The Fed Says Inflation Is Hotter Than Expected — But It...
Federal Reserve policymakers now think inflation will run hotter than previously expected this year, but the central bank still believes price hikes will moderate in 2022 as pandemic pressures fade.
The inflation projection came at the conclusion of a two-day policy meeting on Wednesday. Members of the Fed's rate-setting committee predicted an annual inflation rate of 4.2% by year's end, up from 3.4% they forecast in June. Inflation is expected to cool to about 2.2% next year.
The Fed's preferred yardstick for inflation is the index of personal consumption expenditures (PCE) compiled by the Commerce Department. The PCE showed an inflation rate of 4.2% in July, the most recent data available.
Inflation is running well above the Fed's long-term target of 2%, and a growing number of Fed policy makers now see a path to raising interest rates as early as next year. Interest rates are currently near zero.
Nine members of the committee suggested it may be appropriate to raise rates as early as next year — up from seven who said so in June. Nine other members of the rate-setting committee don't expect to raise interest rates until 2023 or later.
The Fed also sees slightly slower economic growth
Meanwhile, committee members think the U.S. economy will grow by 5.9% this year, a slight downshift from three months ago, when committee members were forecasting gross domestic product (GDP) growth of 7%. That could be partially offset by somewhat faster-than-expected growth in 2022.
The central bank has been buying at least $120 billion worth of Treasury and mortgage securities each month, in an effort to support the economy and keep long-term interest rates low.
In June, policy makers suggested it could be appropriate to slow that bond-buying program later this year, if the economy continued to improve.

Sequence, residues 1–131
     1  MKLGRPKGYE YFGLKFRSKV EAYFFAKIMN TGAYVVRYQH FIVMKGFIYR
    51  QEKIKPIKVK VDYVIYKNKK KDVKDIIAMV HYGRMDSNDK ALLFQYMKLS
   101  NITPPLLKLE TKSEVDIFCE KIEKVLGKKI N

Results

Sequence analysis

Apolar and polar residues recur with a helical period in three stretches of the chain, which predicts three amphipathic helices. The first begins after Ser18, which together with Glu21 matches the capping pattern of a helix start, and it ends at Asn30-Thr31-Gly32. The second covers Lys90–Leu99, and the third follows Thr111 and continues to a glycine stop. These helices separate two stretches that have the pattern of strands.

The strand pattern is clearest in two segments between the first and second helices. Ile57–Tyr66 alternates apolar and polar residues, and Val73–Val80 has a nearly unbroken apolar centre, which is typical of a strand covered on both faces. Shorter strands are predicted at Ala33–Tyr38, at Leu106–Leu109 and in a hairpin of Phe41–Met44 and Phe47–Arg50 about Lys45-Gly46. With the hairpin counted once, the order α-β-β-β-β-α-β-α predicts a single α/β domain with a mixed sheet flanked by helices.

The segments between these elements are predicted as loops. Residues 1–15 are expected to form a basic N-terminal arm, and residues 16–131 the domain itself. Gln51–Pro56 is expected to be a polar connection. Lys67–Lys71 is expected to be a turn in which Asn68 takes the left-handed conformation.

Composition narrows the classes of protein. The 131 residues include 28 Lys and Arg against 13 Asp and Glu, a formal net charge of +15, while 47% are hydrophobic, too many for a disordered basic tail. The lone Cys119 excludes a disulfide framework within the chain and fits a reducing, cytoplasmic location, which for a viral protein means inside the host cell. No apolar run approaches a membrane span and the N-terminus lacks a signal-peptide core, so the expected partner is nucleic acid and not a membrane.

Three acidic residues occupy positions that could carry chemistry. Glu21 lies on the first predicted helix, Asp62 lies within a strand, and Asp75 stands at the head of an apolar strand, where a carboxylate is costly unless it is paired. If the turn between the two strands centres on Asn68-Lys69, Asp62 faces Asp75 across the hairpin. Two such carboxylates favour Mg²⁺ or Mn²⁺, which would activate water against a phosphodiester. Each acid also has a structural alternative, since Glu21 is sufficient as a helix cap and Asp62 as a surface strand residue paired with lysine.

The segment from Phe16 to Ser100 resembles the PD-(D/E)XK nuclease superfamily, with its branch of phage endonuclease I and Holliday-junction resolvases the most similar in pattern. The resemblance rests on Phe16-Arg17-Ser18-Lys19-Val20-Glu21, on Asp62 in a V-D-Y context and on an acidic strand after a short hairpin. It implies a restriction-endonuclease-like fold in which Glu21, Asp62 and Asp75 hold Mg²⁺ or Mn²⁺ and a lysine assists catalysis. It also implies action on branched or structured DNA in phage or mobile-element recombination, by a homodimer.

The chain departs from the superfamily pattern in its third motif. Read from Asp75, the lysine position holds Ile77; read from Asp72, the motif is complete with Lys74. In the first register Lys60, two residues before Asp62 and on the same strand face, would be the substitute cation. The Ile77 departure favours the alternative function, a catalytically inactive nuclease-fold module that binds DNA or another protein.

The Fed appears to be sticking to that timetable, despite a disappointing jobs report for August. U.S. employers added just 235,000 jobs last month after adding more than a million jobs in July.
But a lot could change with the Delta variant
The sharp drop in hiring last month coincided with a spike in new coronavirus infections, which likely discouraged people from traveling, eating out and attending live entertainment.
The Fed has made clear that the pandemic could change economic conditions as the highly-infectious Delta variant continues to spread.
"The path of the economy will depend significantly on the course of the virus," the Fed said in a statement. "Progress on vaccinations will likely continue to reduce the effects of the public health crisis on the economy, but risks to the economic outlook remain."
The Fed has promised to provide ample warning before any policy change, in hopes of calming investors. The stock market was already jittery this week over the threat of a debt default by Chinese property developer Evergrande Group, as well as a drawn-out battle in Washington, D.C., over Congressional efforts to raise the federal debt ceiling.
This week's meeting also comes at a sensitive moment for Jerome Powell, whose term as Fed chairman expires in February.
President Biden has to decide whether to reappoint Powell — a Republican who was promoted to the chairman's seat by former President Donald Trump — or go with an alternate candidate as some progressive Democrats have urged him to do. A possible alternative is Lael Brainard, who currently serves on the Fed's Board of Governors.